Before Laertes leaves, his father, Polonius, offers him quite a bit of advice. He counsels his son to keep his thoughts to himself, to be friendly but not vulgar, to be a loyal friend, to avoid fighting but to fight hard if it cannot be avoided, to listen a lot and speak little, accept the criticism of others with grace but do not criticize others, dress nicely but not too richly, to not borrow money because it results in bad spending habits, and to not loan money because it results in lost friends. Finally, Polonius says, "This above all: to thine own self be true" (1.3.84). For if one is honest and true to oneself,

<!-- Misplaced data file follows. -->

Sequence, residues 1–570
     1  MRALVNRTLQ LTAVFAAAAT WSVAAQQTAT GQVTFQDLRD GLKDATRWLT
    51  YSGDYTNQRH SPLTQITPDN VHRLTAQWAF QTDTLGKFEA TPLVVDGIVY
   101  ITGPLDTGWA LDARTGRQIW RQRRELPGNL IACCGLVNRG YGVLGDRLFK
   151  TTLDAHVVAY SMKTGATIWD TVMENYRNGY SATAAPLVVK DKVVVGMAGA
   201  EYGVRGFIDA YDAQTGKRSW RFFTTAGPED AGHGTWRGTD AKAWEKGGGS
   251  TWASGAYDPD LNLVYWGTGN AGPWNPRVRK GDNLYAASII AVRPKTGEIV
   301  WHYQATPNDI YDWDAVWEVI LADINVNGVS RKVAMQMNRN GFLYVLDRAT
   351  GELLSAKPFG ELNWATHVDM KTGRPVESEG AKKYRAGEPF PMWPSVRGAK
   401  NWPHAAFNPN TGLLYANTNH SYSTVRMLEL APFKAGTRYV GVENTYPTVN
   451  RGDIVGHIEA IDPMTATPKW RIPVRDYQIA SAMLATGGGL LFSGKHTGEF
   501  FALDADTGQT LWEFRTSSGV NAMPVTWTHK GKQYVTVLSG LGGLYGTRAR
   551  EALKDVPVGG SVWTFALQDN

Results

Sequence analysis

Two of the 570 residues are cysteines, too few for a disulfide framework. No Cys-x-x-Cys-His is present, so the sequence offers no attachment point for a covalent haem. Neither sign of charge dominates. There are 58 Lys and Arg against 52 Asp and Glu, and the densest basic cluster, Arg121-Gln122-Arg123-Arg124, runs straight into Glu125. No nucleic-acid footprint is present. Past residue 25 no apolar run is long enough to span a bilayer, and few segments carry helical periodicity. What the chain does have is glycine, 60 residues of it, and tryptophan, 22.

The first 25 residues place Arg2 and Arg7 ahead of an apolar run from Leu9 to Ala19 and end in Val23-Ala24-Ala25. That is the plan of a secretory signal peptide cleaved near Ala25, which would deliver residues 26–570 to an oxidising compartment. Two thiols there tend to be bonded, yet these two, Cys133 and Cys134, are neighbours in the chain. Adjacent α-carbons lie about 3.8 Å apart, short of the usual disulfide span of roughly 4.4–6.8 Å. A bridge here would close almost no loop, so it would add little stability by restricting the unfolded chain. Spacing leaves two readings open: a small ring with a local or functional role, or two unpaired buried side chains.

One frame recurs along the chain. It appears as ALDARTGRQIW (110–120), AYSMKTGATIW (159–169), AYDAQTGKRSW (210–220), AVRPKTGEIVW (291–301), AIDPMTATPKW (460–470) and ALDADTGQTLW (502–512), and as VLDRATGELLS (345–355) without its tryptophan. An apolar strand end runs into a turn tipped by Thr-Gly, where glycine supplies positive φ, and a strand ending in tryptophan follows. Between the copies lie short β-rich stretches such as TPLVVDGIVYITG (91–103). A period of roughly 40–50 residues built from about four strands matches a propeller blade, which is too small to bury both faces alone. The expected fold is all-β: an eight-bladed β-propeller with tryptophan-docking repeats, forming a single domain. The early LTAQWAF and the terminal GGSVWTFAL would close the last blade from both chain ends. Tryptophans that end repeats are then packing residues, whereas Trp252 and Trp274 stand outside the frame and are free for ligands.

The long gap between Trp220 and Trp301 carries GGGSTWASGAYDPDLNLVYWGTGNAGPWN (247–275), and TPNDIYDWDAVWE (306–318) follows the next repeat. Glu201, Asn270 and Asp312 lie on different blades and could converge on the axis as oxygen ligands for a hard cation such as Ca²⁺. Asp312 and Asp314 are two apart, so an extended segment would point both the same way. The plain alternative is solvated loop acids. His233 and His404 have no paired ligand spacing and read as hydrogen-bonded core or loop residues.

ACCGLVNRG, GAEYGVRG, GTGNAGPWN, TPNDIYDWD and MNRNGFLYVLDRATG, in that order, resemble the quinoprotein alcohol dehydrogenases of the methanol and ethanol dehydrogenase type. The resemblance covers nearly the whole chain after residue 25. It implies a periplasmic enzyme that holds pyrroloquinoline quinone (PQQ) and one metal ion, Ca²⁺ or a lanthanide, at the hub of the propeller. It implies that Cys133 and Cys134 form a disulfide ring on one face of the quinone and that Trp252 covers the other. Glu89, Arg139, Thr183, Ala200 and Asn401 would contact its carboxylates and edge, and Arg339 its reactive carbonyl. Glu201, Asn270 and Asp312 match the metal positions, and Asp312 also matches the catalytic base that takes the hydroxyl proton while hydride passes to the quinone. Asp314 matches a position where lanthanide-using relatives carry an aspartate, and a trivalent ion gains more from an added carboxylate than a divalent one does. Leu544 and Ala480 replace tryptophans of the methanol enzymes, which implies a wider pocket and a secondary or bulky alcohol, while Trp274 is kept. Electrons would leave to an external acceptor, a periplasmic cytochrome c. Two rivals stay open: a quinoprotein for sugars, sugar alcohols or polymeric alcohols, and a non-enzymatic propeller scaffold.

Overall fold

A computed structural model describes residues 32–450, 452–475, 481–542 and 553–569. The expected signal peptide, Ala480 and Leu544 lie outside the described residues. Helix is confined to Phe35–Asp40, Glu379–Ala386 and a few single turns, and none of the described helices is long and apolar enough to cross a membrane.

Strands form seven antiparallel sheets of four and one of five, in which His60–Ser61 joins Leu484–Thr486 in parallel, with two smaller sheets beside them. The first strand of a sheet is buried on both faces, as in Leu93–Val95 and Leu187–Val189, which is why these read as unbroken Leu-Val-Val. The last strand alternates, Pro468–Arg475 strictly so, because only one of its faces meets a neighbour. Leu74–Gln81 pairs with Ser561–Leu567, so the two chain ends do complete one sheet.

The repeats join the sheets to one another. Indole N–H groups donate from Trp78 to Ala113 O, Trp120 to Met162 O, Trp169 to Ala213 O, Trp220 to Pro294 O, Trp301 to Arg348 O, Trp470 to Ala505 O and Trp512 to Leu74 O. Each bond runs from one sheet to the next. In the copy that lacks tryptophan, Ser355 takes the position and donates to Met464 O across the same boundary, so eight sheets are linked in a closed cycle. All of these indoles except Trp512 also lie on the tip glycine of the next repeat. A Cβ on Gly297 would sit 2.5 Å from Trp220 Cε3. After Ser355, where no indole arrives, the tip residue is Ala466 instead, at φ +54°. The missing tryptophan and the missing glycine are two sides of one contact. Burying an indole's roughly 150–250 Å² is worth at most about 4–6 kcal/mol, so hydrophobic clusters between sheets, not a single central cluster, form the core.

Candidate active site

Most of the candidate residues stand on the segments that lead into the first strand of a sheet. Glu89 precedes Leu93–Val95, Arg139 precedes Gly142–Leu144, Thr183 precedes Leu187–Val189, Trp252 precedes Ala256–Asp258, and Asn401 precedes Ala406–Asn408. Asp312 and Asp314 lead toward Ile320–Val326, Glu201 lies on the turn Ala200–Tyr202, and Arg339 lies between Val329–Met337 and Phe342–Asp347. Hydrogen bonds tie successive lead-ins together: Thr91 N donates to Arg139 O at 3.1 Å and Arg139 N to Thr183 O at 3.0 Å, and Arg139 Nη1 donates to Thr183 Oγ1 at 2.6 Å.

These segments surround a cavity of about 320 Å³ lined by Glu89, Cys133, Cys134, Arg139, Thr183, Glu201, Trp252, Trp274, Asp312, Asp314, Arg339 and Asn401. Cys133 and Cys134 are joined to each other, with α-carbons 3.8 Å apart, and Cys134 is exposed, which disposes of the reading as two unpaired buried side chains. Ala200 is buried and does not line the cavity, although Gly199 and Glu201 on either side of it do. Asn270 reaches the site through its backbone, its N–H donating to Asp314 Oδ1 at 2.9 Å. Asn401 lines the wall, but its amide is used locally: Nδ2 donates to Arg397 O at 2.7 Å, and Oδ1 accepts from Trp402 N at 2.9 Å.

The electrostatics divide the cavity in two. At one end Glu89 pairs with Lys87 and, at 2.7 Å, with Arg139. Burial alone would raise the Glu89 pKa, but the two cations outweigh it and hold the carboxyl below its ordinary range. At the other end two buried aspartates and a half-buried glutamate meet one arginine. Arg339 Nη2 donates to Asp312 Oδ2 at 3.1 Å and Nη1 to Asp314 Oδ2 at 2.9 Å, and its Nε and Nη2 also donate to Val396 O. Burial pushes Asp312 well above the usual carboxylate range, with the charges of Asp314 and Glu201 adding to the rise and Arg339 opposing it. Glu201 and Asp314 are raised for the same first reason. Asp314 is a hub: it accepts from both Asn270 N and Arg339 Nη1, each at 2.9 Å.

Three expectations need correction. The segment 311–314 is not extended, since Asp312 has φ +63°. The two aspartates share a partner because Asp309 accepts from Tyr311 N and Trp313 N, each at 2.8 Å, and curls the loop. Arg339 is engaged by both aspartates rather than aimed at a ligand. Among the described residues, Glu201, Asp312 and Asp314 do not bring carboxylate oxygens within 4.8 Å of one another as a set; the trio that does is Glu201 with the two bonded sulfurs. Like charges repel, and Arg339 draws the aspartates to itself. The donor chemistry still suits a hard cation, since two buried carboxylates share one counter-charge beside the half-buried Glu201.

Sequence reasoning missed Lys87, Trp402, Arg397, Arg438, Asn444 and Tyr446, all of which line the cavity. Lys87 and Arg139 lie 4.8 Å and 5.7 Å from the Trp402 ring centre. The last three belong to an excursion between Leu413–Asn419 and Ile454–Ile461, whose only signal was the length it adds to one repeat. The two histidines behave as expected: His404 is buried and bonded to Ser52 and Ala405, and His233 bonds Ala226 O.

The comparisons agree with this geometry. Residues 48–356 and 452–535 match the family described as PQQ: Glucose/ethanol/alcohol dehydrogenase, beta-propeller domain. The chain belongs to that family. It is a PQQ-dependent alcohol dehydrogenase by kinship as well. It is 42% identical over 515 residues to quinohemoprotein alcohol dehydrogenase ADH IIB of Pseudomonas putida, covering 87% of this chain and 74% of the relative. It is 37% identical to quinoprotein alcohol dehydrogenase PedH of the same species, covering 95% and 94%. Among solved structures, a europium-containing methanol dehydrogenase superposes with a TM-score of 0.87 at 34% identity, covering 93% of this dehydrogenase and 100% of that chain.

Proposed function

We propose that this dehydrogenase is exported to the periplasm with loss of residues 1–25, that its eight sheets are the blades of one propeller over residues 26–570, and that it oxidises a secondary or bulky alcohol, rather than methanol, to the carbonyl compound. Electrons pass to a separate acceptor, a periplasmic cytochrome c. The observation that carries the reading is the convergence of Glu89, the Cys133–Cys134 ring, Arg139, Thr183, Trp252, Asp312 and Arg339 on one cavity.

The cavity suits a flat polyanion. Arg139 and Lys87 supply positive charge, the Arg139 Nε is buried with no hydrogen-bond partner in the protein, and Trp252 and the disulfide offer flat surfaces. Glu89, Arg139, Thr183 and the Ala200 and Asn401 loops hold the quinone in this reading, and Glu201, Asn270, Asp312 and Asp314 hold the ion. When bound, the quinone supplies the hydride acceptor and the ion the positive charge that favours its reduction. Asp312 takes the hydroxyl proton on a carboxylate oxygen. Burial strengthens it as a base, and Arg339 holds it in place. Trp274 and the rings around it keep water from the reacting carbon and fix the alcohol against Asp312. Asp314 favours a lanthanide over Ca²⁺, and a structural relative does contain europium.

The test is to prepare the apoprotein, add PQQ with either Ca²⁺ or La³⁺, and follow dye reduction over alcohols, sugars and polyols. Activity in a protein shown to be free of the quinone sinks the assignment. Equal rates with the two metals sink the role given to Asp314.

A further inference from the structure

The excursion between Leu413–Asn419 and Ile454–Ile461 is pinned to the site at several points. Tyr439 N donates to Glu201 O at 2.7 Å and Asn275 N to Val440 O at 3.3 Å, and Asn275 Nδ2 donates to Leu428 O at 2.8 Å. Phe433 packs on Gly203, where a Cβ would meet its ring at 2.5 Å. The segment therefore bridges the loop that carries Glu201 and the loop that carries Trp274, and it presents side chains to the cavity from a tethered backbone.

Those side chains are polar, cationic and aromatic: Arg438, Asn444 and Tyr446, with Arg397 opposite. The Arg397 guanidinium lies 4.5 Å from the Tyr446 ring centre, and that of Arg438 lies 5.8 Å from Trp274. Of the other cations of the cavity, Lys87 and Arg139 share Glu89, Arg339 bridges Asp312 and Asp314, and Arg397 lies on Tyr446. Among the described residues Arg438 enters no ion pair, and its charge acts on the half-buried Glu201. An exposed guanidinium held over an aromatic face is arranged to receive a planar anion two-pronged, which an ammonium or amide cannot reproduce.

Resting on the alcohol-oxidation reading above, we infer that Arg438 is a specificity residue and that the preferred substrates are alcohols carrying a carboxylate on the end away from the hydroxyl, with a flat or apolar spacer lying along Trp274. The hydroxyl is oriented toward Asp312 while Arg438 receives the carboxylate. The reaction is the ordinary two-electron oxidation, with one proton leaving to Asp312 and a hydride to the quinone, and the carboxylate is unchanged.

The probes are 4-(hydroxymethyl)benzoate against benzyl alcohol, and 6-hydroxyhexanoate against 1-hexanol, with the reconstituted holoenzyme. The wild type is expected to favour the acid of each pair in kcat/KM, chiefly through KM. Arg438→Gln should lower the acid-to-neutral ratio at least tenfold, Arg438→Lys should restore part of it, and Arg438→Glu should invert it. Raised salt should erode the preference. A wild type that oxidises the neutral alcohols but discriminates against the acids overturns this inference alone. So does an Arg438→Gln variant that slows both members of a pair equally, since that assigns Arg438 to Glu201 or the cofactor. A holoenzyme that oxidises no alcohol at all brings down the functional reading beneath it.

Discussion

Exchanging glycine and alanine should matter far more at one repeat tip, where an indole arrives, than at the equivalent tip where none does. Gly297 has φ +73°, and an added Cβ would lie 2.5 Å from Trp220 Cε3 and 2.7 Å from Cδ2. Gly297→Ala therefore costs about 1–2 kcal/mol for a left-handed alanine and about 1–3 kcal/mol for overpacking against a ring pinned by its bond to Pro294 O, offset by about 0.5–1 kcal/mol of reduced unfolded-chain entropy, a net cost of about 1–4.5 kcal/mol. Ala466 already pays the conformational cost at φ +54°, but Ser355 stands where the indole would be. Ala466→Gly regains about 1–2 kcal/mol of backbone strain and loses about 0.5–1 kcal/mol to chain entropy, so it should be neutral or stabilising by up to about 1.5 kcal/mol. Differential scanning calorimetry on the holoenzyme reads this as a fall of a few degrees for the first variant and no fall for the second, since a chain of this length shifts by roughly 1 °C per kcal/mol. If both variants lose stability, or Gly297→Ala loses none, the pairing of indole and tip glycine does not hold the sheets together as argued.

it must follow, as the night the day,
Thou canst not then be false to any man. (1.3.85–86)
If one is true to oneself, then one will be truthful with other people too. If Laertes follows his own conscience rather than the example set by others or influences from society at large, he will make decisions that will make his father proud. If, on the other hand, he chooses to follow another's lead rather than his own, he will misstep.